The BT tower at Sutton Common, just to the south of Macclesfield, is a very familiar landmark for all locals … who once referred to it as ‘The Clock Tower’. It has become a vital navigational beacon / aid for many walkers and outdoor activities in the surrounding hills as it so clearly marks a reference point that is visible from five miles or more in all directions. The tower has been a constant feature of the landscape for over 50 years but its purpose has changed several times since it first appeared. Few people are aware of its current use but it continues to be equipped with an array of microwave drum antennas for line-of-sight links with its fellow towers to the north and south and a variety of small local distributions – mostly to the north and west which are connected via the waistband mounted dishes, one of these will be the input from Silk FM. Originally, the tower was festooned with large horn type microwave antennas giving it the appearance of a strange and sinister metal ‘pitcher plant’. At that time Sutton Common was coupled to other comms towers to the north, east, south and west and formed an integral part of a strategic NATO communications chain or trunk line intended to survive a nuclear war by its use of microwave line-of-sight connections bypassing major target areas! The design of the tower is supposed to be determined by its requirement to provide shielding against the electromagnetic pulse waves generated by nuclear detonations. It is also built to withstand the the predicted over-pressures generated by nuclear detonations over Manchester and Stoke with yields in the megaton range – though it is doubtful that it would survive a similar yield detonating over the former Woodford airfield just 6 miles to the north. Sutton Common was part of a command chain system code-named ‘Backbone’ and real-time RADAR tracking data from the Fylingdales BMEWS station was just one of many sensitive traffic flows that passed through here, along with signals intelligence and UK Warning and Monitoring Organisation traffic from regional government bunkers, it linked Preston with Hack Green and many others. There is a local legend that at this time it was guarded 24/7 by a military police unit based in the adjacent cottage or the engineering ‘ground house’. In essence, Sutton Common above all else, is really a huge monument to the cold war and the nightmares it could have unleashed. It was conceived as a key part of a communications channel that would have been responsible for warning us all of impending Armageddon, then coordinating nuclear retaliatory efforts and ultimately controlling what was left of the population.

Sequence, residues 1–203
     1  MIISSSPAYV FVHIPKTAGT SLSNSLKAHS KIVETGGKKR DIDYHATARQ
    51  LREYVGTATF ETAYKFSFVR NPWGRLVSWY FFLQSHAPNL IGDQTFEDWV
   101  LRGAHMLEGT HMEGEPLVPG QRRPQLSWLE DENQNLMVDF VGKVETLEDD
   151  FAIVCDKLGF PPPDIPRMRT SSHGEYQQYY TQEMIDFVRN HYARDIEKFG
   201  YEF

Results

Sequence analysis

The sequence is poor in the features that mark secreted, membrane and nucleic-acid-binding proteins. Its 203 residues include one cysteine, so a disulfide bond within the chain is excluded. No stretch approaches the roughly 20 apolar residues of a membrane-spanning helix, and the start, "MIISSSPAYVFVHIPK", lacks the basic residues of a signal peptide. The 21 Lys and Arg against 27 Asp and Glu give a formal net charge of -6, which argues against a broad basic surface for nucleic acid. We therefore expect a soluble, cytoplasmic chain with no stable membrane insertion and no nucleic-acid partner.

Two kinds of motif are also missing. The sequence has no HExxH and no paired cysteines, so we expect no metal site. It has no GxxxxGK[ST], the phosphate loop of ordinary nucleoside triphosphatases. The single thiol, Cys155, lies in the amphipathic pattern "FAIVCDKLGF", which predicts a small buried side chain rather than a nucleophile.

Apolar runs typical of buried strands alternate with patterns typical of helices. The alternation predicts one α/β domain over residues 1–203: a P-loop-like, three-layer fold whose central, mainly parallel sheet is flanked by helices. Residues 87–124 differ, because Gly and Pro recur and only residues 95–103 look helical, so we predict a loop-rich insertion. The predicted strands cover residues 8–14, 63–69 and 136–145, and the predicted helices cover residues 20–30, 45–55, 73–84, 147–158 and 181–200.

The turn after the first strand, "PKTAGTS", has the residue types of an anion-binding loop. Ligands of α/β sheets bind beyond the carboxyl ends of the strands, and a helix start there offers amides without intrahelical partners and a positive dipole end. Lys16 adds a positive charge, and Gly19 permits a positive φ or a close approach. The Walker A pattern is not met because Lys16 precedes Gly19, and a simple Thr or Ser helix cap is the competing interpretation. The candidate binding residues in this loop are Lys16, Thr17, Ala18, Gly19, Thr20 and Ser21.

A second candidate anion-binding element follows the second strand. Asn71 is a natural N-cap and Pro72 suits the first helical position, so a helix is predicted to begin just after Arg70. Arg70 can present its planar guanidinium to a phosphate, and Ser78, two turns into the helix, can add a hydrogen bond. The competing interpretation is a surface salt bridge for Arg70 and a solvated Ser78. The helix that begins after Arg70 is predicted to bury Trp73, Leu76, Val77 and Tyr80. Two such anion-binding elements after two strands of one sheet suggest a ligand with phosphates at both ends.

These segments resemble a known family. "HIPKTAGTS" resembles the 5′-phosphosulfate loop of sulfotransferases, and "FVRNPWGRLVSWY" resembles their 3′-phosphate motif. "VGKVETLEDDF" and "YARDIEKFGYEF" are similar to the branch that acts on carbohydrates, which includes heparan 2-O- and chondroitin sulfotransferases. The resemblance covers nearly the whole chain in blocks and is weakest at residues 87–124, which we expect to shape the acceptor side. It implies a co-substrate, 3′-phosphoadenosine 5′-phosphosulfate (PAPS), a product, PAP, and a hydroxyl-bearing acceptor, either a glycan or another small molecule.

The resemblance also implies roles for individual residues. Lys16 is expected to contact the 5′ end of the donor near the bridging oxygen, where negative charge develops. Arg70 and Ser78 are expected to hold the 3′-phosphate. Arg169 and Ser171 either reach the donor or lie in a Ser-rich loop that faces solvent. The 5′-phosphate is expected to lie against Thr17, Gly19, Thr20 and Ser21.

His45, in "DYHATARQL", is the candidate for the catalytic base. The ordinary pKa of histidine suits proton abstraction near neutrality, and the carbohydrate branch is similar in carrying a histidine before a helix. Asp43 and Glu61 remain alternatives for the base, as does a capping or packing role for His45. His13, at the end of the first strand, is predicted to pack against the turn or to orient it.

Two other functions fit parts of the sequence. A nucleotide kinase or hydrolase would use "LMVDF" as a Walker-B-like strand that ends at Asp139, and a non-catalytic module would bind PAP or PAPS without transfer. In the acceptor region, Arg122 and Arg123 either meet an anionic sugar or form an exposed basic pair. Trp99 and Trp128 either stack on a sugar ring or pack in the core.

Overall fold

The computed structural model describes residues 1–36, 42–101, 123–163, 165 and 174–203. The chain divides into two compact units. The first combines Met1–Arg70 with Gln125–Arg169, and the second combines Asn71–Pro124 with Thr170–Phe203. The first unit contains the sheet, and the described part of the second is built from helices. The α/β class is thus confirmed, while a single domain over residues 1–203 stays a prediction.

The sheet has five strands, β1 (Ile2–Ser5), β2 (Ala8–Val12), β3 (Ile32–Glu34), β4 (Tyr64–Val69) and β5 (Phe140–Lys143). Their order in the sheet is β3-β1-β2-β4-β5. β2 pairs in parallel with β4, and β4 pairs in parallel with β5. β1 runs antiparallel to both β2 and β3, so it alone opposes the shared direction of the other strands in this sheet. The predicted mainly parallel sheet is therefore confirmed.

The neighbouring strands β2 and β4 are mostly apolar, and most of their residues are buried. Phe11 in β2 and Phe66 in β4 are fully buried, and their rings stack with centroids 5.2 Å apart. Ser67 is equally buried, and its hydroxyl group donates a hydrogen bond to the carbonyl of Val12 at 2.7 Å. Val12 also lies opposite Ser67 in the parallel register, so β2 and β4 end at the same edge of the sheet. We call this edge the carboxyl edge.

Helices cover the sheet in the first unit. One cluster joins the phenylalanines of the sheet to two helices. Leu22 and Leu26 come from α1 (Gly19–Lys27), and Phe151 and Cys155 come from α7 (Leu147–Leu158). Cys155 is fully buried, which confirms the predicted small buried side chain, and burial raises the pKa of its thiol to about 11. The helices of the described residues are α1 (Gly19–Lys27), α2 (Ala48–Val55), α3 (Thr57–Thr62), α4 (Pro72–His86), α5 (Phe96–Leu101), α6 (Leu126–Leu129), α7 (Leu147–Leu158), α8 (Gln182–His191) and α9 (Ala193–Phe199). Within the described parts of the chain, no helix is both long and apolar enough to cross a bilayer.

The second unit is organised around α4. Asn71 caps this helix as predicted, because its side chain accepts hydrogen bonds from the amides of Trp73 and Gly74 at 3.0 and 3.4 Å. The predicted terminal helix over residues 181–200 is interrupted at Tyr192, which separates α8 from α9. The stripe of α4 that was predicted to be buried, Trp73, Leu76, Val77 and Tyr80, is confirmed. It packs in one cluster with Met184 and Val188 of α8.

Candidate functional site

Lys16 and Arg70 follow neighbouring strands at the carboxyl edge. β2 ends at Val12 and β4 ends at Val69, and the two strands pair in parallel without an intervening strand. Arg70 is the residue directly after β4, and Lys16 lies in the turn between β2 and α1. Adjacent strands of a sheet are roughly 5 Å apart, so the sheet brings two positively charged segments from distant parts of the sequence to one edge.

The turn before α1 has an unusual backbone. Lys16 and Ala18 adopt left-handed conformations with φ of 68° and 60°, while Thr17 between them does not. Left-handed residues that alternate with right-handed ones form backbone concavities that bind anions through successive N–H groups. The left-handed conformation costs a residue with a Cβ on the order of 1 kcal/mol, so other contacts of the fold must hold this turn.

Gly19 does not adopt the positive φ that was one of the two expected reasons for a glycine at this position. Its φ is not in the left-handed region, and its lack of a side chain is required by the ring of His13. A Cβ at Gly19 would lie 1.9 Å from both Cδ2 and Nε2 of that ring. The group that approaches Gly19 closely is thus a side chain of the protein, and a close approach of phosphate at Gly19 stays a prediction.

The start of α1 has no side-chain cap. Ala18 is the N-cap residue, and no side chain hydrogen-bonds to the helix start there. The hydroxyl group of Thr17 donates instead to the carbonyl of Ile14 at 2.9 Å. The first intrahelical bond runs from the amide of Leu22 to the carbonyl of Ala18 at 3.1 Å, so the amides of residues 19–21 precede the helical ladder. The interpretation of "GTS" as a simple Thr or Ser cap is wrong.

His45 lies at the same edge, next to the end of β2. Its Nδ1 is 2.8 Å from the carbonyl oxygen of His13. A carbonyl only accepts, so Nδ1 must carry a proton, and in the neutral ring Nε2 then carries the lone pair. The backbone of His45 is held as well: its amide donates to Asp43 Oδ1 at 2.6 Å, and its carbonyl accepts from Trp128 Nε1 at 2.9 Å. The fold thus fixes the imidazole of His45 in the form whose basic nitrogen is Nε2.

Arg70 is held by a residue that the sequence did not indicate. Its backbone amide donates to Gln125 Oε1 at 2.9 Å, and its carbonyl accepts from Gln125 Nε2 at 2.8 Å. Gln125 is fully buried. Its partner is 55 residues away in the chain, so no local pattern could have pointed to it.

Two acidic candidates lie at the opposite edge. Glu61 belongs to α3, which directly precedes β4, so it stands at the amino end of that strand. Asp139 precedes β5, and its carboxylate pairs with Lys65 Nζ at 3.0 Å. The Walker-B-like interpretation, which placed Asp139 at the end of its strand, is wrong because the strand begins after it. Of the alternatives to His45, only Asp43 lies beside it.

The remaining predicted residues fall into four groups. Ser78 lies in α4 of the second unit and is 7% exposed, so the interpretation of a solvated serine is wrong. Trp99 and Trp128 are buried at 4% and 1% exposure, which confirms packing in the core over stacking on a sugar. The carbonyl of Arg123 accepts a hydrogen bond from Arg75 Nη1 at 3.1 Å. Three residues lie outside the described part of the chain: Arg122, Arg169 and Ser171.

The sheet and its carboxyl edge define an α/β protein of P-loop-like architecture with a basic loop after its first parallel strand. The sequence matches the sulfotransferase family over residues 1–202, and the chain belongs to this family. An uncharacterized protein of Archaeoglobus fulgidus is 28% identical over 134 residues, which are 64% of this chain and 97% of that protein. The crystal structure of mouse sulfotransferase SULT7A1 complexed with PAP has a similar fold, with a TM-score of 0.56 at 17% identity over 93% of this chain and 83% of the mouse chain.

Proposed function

These days the site is still an essential comms link for the national broadcasting network carrying BBC and ITV signals to the high power transmitter sites at Winter Hill, Holme Moss and Emily Moor and now also provides low power direct transmission of two local radio stations on FM and a couple of national digital DAB channel blocks covering the Macclesfield town area. In recent years developments in fibre optic cable technology threaten to make microwave line-of-sight methods obsolete as fibre has much high bandwidth capabilities.
More about it all here ; –